January 27, 2021
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Parsing HTML in Microsoft C#

  • By Jeff Heaton
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Most data on the Web is stored in the Hypertext Markup Language (HTML) format. There are many times that you might want to parse HTML in your C# application. However, the .NET framework does not provide an easy way to parse HTML. Evidence of this is the numerous questions posted by C# programmers looking for an easy way to parse HTML.

The Microsoft .NET framework includes extensive support for Extensible Markup Language (XML). However, although XML and HTML look very similar, they are not very compatible. Consider the following major differences between XML and HTML:

  • XML requires end tags.
  • All XML attribute values must be fully quoted with either single or double quotes.
  • XML tags must be properly nested.
  • XML tag names are case sensitive.
  • XML does not allow duplicate attributes.
  • Empty attributes are not allowed in XML.

Let's look at one of these examples in code to illustrate the difference. In XML, every beginning tag must have an ending tag. The following HTML would cause problems for a XML parser.

<p>This is line 1<br>
This is line 2</p>

This is just one of many differences. Of course, you can require HTML to be written in such a way that it is compatible with XML. The preceding HTML could be rewritten as in the following example.

<p>This is line 1<br/>
This is line 2</p>

Both an XML parser and any modern browser could understand this. Unfortunately, this is not a viable solution because you do not control the sources of HTML. You will want your program to be able to process HTML from any source.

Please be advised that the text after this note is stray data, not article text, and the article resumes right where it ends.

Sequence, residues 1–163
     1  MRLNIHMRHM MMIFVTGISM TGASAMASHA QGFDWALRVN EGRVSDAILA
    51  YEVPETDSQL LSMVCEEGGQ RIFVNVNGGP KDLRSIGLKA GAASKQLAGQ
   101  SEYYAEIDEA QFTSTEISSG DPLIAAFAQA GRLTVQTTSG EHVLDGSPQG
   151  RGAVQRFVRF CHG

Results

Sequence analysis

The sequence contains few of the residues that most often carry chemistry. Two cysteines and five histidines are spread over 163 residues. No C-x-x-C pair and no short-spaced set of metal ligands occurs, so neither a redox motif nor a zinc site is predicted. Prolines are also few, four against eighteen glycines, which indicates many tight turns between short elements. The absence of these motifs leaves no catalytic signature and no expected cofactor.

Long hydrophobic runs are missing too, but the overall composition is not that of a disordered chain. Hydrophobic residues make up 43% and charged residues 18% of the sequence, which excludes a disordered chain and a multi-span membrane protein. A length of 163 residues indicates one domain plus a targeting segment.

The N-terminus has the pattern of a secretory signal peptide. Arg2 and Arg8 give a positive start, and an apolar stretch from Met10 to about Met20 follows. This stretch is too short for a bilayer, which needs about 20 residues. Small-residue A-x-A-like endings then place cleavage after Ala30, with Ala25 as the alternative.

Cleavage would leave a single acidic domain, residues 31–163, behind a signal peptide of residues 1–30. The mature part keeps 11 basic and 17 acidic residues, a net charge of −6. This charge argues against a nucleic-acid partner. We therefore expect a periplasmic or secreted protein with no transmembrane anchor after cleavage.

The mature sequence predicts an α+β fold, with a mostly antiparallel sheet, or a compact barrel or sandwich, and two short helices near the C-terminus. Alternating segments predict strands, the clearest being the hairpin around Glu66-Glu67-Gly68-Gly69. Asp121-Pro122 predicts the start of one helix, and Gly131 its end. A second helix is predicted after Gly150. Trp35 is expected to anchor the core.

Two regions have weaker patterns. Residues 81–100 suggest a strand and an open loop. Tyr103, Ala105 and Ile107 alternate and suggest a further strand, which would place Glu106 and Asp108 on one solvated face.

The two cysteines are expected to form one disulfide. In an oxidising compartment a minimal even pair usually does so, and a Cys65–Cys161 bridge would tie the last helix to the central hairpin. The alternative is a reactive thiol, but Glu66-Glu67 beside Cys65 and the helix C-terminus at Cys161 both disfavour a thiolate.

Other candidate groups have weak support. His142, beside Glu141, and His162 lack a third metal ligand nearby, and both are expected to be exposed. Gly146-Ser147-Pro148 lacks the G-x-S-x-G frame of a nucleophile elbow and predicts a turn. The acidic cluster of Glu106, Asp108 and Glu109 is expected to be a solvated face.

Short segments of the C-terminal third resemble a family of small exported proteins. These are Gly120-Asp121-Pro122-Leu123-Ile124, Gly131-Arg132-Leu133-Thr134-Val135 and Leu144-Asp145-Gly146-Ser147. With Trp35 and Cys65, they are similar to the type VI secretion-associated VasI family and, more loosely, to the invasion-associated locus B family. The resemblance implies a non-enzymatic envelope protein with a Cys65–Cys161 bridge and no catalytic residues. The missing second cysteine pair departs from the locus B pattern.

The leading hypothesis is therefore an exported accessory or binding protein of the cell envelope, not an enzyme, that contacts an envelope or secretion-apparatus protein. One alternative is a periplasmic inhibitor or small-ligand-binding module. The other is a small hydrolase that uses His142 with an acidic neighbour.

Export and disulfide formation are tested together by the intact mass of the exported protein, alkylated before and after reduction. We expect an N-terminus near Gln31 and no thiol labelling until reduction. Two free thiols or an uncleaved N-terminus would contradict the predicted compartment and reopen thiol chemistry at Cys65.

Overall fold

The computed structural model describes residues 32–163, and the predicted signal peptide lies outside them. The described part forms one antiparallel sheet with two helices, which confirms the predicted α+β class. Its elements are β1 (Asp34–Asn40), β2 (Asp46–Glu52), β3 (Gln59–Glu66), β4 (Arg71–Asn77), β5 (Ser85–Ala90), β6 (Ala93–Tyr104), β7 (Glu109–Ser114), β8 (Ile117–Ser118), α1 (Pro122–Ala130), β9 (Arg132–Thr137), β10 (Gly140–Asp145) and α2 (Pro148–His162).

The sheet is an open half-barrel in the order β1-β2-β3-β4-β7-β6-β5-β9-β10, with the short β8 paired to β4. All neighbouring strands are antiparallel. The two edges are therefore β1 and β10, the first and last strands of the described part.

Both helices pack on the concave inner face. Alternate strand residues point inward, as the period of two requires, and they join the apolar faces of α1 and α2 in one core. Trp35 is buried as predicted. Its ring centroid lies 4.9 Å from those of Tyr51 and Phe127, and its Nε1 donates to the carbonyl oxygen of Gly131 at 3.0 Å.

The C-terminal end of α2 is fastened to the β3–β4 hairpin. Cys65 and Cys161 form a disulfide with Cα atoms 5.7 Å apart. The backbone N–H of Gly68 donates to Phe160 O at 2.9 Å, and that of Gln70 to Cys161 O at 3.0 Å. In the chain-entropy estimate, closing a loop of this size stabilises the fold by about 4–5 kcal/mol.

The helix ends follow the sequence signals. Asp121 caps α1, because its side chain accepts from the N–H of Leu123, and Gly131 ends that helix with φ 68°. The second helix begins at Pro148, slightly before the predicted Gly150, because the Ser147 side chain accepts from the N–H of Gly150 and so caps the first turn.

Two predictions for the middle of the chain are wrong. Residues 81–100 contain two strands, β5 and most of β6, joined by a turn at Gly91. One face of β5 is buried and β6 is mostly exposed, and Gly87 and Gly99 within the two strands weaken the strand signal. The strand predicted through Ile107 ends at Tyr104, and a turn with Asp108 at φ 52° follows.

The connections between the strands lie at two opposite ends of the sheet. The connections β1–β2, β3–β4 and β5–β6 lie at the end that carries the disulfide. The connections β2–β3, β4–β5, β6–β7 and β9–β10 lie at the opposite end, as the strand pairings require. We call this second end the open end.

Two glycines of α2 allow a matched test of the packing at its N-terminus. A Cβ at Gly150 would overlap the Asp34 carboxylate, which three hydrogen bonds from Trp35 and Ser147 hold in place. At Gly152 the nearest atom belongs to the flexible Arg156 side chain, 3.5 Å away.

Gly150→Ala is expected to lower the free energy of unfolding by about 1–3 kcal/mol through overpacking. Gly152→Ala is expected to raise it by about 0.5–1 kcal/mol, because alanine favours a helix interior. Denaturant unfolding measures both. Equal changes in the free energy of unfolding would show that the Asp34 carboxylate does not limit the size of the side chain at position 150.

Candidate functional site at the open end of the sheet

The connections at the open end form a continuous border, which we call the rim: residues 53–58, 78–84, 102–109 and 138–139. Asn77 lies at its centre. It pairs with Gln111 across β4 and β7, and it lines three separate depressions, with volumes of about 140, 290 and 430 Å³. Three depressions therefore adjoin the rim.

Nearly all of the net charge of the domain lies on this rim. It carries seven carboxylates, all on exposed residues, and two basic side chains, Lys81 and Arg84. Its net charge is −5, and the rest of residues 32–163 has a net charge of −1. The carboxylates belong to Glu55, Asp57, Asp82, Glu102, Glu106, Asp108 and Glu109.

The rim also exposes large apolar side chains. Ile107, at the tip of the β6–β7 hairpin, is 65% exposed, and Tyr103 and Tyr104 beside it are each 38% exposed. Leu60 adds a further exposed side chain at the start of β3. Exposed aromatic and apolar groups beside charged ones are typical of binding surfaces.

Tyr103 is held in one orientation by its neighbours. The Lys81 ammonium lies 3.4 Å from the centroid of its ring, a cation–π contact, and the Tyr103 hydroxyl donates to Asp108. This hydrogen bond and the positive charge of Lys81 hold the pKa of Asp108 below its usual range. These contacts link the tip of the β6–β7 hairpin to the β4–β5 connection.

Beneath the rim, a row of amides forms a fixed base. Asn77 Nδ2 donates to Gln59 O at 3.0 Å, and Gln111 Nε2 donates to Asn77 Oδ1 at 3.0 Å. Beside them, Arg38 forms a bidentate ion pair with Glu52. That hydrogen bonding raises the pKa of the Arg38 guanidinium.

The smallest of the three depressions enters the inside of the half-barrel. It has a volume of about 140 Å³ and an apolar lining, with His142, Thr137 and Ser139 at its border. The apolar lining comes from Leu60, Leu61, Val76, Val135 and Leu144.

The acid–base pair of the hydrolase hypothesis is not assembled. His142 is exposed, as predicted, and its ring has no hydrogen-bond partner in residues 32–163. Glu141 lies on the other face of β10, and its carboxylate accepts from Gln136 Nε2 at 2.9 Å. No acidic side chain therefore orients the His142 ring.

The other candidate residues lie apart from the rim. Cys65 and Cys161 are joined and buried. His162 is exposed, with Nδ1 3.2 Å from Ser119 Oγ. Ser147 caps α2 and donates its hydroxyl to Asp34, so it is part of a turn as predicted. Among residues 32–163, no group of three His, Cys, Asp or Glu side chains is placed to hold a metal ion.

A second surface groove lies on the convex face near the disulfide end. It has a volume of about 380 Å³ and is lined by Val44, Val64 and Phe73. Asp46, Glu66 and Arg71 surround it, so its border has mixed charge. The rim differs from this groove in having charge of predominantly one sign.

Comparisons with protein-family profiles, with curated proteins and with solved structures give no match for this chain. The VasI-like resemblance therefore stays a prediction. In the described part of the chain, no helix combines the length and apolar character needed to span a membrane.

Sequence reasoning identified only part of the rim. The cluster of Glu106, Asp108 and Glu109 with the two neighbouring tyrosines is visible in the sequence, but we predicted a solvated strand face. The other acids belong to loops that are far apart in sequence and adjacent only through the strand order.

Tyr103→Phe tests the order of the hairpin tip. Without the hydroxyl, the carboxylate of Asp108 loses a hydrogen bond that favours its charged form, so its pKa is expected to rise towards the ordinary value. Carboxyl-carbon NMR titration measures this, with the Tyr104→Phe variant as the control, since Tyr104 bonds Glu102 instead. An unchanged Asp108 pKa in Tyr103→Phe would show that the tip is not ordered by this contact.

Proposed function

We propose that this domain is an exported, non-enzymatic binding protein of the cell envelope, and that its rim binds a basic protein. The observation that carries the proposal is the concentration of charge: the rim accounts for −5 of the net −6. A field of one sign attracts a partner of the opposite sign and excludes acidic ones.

The Solution

Because of this, I found it necessary to write my own HTML parser. In this article, I will show you how my HTML parser was constructed, and how you can use this parser with your own applications. I will begin by showing you the main components that make up the HTML parser. I will conclude this article by showing a simple example that uses the HTML parser.

The HTML parser consists of the following four classes:

  • Attribute—The attribute class is used to hold an individual attribute inside an HTML tag.
  • AttributeList—The attribute list holds an individual HTML tag and all of its attributes.
  • Parse—Holds general text parsing routines.
  • ParseHTML—The main class that you will interface with; the ParseHTML class is fed the HTML that you would like to parse.

I will now show you how each of these classes functions, and how you will use them. I will begin with the Attribute class.

The Attribute Class

The Attribute class is used to store individual HTML attributes. The source code for the Attribute class can be seen in Listing 1. The following HTML tag demonstrates attributes:

<img src="picture.gif" alt="Some Picture">

The above HTML tag has two attributes named "src" and "alt". The values of these two attributes are "picture.gif" and "Some Picture", respectively.

The Attribute class consists of three properties named "name", "value", and "delim". The "name" property stores the name of the attribute. The "value" property stores the value held by the property. And finally, the "delim" property holds the character that was used to delimit the value, if any. This property will either hold a quote ("), an apostrophe ('), or nothing at all, depending on what was used to delineate the value.

The AttributeList Class

An HTML tag often consists of several attributes. The "AttributeList" class is used to hold a list of these attributes. The "AttributeList" class is shown in Listing 2. The "AttributeList" class consists of a name and a collection of attributes. The "AttributeList" name, stored in a property called "name", holds the name of the tag. When tags are returned to you from the parser, they will be in the form of "AttributeList" objects.

The AttributeList class makes use of the C# indices. You can access individual attributes both by numeric and string indicies. For example, if an attribute "src" were stored in the "AttributeList" object "theTag", you could access the "src" attribute in the following ways:

theTag[0]    // assuming "src" were the first attribute

Both of these methods could be used to access the attributes of the tag.

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This article was originally published on July 1, 2003

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